Questioning a “racial” intent of the governor’s map, Democrats said it would violate the federal Voting Rights Act and what are known as the Fair Districts amendments in the Florida Constitution. Voters approved the Fair Districts amendments in 2010, at least in part to try to prevent gerrymandering.
DeSantis contended the plan passed by the Legislature during the regular session violated the Equal Protection Clause of the U.S. Constitution, in part because of a sprawling North Florida district. DeSantis’s plan would redraw District 5, which now runs from Jacksonville to west of Tallahassee, to become a more-compact district in the Jacksonville area. The seat is currently held by U.S. Rep. Al Lawson, a Black Democrat.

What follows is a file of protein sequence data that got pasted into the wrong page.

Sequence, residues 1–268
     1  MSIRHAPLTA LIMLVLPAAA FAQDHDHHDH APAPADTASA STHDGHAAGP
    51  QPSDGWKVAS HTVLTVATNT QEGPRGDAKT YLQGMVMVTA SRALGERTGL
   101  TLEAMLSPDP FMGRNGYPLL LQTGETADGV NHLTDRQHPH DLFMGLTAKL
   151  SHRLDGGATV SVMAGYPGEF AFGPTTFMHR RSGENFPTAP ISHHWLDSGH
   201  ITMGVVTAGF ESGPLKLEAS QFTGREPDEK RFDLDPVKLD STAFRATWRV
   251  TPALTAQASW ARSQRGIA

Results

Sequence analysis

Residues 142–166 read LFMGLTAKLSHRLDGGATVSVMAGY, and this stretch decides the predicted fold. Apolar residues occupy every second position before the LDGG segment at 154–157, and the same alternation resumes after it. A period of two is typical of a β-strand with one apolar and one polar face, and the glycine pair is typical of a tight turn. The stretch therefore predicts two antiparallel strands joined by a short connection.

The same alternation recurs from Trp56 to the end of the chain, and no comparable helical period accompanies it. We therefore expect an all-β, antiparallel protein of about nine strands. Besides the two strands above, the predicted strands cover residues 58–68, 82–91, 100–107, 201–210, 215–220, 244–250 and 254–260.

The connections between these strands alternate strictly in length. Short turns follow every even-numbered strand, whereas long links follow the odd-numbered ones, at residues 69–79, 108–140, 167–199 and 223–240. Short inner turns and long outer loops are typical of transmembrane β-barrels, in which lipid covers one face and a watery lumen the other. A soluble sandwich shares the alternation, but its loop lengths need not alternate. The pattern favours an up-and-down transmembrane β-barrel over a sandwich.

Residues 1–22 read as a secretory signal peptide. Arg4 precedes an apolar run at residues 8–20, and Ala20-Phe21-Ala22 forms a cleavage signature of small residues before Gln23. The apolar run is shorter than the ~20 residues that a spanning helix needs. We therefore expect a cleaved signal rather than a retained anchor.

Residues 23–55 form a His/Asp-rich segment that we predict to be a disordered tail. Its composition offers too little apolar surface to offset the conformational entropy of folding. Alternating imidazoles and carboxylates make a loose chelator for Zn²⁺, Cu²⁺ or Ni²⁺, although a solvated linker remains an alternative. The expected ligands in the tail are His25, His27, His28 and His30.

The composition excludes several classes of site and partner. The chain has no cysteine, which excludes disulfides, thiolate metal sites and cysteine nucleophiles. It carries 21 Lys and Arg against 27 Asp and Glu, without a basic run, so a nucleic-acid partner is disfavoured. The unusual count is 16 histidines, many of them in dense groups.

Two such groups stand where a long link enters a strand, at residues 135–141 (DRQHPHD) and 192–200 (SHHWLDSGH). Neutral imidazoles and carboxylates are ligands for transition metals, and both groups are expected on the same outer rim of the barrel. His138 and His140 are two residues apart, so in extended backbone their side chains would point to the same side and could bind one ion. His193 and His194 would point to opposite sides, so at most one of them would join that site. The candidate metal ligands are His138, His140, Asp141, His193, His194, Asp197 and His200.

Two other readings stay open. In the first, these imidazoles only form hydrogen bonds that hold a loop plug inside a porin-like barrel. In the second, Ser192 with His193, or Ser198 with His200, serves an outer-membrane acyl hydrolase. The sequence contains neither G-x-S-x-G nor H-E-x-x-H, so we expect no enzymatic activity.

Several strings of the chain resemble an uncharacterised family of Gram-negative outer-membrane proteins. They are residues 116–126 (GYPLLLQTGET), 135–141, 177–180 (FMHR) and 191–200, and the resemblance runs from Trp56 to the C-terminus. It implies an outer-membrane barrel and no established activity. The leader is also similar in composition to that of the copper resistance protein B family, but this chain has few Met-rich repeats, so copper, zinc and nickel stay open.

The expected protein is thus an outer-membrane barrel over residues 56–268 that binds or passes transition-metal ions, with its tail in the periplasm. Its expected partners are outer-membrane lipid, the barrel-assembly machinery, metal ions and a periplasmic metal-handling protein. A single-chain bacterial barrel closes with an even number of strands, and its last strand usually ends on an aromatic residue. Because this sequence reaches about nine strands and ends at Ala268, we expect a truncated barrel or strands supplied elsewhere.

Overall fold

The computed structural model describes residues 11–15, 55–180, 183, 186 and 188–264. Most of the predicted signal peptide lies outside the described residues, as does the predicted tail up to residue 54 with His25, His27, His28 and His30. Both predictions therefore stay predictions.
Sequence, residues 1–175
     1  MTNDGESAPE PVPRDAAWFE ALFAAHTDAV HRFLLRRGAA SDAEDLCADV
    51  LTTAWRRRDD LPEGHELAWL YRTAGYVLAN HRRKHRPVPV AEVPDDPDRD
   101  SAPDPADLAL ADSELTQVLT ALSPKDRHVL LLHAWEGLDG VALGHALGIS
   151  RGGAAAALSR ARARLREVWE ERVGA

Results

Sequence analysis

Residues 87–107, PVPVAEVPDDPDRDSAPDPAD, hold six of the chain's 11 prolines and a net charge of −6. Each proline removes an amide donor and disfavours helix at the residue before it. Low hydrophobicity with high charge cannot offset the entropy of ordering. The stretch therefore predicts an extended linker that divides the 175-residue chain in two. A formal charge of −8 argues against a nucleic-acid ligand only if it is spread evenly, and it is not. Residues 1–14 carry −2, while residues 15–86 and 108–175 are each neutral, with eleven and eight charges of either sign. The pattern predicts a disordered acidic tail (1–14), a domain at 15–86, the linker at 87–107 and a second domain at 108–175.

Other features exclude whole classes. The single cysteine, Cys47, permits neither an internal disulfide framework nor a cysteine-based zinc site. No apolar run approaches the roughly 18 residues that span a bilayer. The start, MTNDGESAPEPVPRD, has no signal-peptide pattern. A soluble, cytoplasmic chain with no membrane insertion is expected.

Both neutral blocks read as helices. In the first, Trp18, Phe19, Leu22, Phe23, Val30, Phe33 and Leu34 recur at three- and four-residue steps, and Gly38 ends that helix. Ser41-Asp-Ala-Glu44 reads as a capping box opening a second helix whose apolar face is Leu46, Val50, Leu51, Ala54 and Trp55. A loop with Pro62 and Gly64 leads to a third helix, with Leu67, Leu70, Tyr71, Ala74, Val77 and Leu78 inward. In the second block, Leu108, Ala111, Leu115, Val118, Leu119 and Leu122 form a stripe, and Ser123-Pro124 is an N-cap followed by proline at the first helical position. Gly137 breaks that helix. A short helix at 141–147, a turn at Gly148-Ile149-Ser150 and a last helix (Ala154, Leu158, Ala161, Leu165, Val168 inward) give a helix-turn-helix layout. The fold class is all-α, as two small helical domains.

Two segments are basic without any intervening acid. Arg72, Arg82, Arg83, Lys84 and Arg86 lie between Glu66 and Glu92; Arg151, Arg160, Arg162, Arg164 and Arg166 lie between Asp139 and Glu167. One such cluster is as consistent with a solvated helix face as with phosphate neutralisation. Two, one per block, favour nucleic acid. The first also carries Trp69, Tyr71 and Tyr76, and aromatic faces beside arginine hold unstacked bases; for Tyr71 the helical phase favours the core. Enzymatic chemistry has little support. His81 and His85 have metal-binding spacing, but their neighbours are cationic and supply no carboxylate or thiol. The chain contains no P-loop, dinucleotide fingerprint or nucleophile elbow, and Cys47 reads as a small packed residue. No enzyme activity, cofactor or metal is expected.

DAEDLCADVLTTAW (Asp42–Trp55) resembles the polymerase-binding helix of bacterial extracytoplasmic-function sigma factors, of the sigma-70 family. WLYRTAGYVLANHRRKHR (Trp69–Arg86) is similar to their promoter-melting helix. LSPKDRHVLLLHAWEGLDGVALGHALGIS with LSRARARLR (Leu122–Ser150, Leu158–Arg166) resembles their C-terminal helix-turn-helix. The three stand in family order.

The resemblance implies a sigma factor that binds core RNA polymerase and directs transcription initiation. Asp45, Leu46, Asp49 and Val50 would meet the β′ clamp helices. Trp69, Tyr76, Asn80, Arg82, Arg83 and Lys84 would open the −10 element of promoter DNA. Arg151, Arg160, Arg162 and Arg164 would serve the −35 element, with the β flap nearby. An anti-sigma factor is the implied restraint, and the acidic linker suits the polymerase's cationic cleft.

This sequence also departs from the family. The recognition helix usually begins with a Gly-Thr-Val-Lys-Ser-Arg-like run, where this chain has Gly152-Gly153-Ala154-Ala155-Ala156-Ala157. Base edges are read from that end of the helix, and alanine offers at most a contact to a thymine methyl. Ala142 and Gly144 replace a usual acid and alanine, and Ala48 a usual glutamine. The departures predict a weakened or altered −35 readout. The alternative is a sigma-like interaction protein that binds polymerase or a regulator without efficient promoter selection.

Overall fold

The current configuration of District 5 — renumbered District 4 in the new map — emerged after a court fight about lines drawn in 2012.
"You hate when we use the word disenfranchisement. You turn your back. You look the other way,” Rep. Tracie Davis, D-Jacksonville, said. “But you have to realize that is exactly what this is: Gutting, now-CD 4 … leaves us simply without representation. It simply means that the Black population in Florida that lives north of the I-4 corridor, their voices will be diluted. Their power in this process simply washed away.”
DeSantis’ plan also would make significant changes in Central Florida’s District 10, which has been held by U.S. Rep. Val Demings, a Black Democrat who is running for U.S. Senate, and diminish Democratic strongholds in the Tampa Bay region.
Senate Reapportionment Chairman Ray Rodrigues, R-Estero, on Wednesday, described the map as a “compromise,” with the governor’s plan incorporating Senate proposals for districts in South Florida.
Executive Editor Jim Saunders contributed to this report.